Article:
After attending the first day of the annual Game Developers Conference, the only games I played were in virtual reality. In the following four days, many, many more VR experiences will happen. Some will be good, some will be great, some will be not-so-great. One thing's for sure: when this week's over, the VR landscape will look very different.
Let's get the elephant in the room out of the room right now: yeah, we're all pretty sure that Sony's got a VR headset and it's going to be shown at GDC. This panel right here -- which takes place this evening and we'll be liveblogging -- features a trio of big names at Sony's PlayStation arm: Worldwide Studios head Shuhei Yoshida and PlayStation hardware R&D guys Richard Marks and Anton Mikhailov. Those three are particularly interesting for a few reasons. First, Yoshida already professed his love for VR to us last year. Second, the latter two gentlemen were previously involved with another major PlayStation hardware initiative: PlayStation Move. We'd call it less than shocking if some form of PlayStation-branded virtual reality headset is announced during tonight's panel.
Of course, what Sony's rumored headset can do is what matters most. Even the rumor mill is relatively light on this one; the only suggestion of its ability is that it's superior to the original Rift dev kit and more similar to the Crystal Cove prototype from CES. Here's hoping we'll find out tonight!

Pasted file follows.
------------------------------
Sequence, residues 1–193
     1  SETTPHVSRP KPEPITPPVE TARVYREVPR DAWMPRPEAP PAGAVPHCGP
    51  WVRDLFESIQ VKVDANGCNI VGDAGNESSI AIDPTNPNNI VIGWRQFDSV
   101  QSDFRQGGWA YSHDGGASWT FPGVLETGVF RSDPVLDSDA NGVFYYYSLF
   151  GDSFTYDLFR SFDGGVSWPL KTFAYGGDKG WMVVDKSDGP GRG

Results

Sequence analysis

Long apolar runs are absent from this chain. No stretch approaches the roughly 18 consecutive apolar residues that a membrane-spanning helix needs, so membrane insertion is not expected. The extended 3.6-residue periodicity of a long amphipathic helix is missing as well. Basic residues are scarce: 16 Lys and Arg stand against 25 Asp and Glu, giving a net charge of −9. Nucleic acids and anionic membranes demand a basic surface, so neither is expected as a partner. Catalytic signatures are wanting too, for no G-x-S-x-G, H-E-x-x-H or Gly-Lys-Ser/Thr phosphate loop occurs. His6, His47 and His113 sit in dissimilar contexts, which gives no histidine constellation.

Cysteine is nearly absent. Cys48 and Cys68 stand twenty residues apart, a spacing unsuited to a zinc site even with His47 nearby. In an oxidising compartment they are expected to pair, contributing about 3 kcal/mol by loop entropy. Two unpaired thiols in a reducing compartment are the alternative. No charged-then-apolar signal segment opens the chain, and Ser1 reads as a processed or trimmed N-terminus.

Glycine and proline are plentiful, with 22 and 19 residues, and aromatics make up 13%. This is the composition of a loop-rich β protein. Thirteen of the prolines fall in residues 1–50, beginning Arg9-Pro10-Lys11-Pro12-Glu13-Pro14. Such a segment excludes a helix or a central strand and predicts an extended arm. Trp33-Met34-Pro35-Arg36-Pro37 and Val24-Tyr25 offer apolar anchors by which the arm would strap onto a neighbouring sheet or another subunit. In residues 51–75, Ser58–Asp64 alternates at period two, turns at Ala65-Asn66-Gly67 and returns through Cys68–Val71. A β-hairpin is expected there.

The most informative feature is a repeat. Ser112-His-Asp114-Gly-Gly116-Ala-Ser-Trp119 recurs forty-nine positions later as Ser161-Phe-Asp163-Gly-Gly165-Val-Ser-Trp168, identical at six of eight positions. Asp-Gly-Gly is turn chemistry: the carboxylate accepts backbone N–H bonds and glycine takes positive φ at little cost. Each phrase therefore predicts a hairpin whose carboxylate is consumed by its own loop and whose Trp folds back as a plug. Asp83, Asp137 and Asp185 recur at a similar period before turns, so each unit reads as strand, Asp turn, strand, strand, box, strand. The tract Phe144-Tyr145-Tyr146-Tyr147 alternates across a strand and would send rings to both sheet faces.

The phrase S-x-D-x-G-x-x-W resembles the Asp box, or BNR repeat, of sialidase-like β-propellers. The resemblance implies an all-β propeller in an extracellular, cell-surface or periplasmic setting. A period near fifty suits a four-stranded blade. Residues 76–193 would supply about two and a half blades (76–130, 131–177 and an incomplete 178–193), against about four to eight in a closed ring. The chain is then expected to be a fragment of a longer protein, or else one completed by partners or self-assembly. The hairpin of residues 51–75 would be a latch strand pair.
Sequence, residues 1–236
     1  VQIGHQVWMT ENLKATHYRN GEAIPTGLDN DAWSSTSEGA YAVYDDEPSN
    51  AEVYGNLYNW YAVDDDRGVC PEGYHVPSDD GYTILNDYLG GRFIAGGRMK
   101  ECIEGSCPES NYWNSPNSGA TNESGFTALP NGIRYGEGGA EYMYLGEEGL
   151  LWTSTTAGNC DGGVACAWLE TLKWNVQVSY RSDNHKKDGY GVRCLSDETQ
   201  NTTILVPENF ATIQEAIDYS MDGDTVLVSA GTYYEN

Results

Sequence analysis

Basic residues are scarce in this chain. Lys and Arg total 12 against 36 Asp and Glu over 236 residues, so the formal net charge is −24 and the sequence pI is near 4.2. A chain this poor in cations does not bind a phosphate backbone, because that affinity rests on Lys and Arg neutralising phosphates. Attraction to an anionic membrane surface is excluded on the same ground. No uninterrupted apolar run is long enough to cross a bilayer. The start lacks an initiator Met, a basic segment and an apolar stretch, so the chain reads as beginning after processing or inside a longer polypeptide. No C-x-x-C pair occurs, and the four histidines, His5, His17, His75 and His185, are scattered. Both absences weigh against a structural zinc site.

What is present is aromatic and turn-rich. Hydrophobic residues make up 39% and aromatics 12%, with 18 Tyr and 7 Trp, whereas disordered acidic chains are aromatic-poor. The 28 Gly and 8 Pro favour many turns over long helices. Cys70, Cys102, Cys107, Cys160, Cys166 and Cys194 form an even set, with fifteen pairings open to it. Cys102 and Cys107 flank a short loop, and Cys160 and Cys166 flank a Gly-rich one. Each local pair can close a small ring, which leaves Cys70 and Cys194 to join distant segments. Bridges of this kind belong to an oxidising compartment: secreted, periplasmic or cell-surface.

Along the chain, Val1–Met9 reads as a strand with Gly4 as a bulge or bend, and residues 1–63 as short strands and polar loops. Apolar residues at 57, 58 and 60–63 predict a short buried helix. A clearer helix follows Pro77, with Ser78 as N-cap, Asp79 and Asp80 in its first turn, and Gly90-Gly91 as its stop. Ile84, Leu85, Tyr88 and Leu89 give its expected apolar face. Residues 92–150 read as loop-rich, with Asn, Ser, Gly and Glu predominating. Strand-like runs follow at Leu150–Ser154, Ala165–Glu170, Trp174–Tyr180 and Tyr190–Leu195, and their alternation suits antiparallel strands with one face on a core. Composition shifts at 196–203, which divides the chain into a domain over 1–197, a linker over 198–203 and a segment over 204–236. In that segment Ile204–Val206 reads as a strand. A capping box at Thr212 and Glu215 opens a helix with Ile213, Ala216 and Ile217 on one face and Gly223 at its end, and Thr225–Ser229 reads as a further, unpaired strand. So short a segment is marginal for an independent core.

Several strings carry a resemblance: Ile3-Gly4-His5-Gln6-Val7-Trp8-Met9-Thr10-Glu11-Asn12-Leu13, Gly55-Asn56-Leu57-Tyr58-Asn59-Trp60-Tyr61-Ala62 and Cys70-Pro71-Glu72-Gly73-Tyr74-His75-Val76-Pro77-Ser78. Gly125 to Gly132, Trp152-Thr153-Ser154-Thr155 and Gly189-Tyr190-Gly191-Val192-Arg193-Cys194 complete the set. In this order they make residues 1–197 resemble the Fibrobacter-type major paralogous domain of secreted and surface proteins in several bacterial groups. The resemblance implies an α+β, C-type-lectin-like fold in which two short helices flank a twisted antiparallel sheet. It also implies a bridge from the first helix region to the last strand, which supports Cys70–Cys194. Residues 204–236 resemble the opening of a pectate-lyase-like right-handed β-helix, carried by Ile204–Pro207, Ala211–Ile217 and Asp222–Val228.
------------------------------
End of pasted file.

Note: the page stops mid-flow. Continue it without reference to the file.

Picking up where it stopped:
Will we finally see the Oculus Rift retail unit at GDC? Sorry to tell you, but our money's on no. Last we checked, there's no launch window for the retail version of the Rift. And, wouldn't you know it, the original Rift dev kit just recently stopped production. It's no secret that, after the Crystal Cove prototype was shown at CES, another development kit would eventually have to exist. Now seems the perfect time to introduce a newer model dev kit with a higher-res screen, depth tracking, and "low persistence" -- one giant step closer to what we'll eventually be able to buy in stores.
This is a VR prototype headset from Valve
Valve insists it isn't creating any consumer-grade VR tech just yet, but the folks behind Steam are still a presence at this year's GDC. Besides coming for the business side of the show (finding new employees, brokering deals with other companies, etc.), we're hopeful that the new Steam Controller iteration will be at the show for a fresh hands-on. In case you missed it, Valve added eight buttons in place of the touchscreen in the original prototype.
There's also no indication that Valve's updated game building tech, Source Engine 2, is getting any real showing. It makes most sense to show off fancy new engines with games, though, and that's best saved for a private event or E3. We've not heard anything on the former, and the latter is approaching quickly (this June).
Oh, and Half-Life 3 will finally be re-announced and given a release date: it's available right now! Hooray! ... No no, not really. Sorry y'all.
Yes, I did only mention two VR headsets. So what about the rest? GameFace Labs is here, albeit with the same prototype from CES (which uses Rift optics). We spoke with CEO Ed Mason yesterday morning and his company is working toward its next prototype for soon after GDC. His company was the only other VR headset maker we found at CES this year. At GDC, however, they're one of five or six (that we know of thus far). Some may be hangers-on to the sudden mass interest in VR, but we also expect to see some very interesting new entries in the field of VR by weeks end.
We'll of course bring it to you live, as fast as we can, from sunny San Francisco.